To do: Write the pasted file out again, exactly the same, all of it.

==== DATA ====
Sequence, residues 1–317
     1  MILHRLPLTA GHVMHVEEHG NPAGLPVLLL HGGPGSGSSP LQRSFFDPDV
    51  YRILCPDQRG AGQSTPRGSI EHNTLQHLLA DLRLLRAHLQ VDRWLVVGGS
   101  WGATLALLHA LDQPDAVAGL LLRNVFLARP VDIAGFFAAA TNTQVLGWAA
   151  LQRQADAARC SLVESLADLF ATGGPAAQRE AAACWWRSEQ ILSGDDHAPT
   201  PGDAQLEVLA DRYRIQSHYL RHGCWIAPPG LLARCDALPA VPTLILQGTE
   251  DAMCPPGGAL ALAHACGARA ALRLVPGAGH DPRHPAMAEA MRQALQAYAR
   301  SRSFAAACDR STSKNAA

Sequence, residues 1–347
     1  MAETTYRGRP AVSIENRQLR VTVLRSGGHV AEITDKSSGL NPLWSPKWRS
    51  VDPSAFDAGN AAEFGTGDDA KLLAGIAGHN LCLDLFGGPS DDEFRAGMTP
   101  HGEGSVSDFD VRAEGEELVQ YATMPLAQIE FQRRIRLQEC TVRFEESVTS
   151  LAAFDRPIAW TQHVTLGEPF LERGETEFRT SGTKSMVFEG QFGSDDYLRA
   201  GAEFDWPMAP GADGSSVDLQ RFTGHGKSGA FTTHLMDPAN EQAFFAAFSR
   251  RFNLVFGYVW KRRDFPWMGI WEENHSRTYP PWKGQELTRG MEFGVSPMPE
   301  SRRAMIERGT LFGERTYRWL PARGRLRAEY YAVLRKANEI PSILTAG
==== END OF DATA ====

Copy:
Sequence, residues 1–317
     1  MILHRLPLTA GHVMHVEEHG NPAGLPVLLL HGGPGSGSSP LQRSFFDPDV
    51  YRILCPDQRG AGQSTPRGSI EHNTLQHLLA DLRLLRAHLQ VDRWLVVGGS
   101  WGATLALLHA LDQPDAVAGL LLRNVFLARP VDIAGFFAAA TNTQVLGWAA
   151  LQRQADAARC SLVESLADLF ATGGPAAQRE AAACWWRSEQ ILSGDDHAPT
   201  PGDAQLEVLA DRYRIQSHYL RHGCWIAPPG LLARCDALPA VPTLILQGTE
   251  DAMCPPGGAL ALAHACGARA ALRLVPGAGH DPRHPAMAEA MRQALQAYAR
   301  SRSFAAACDR STSKNAA

Sequence, residues 1–347
     1  MAETTYRGRP AVSIENRQLR VTVLRSGGHV AEITDKSSGL NPLWSPKWRS
    51  VDPSAFDAGN AAEFGTGDDA KLLAGIAGHN LCLDLFGGPS DDEFRAGMTP
   101  HGEGSVSDFD VRAEGEELVQ YATMPLAQIE FQRRIRLQEC TVRFEESVTS
   151  LAAFDRPIAW TQHVTLGEPF LERGETEFRT SGTKSMVFEG QFGSDDYLRA
   201  GAEFDWPMAP GADGSSVDLQ RFTGHGKSGA FTTHLMDPAN EQAFFAAFSR
   251  RFNLVFGYVW KRRDFPWMGI WEENHSRTYP PWKGQELTRG MEFGVSPMPE
   301  SRRAMIERGT LFGERTYRWL PARGRLRAEY YAVLRKANEI PSILTAG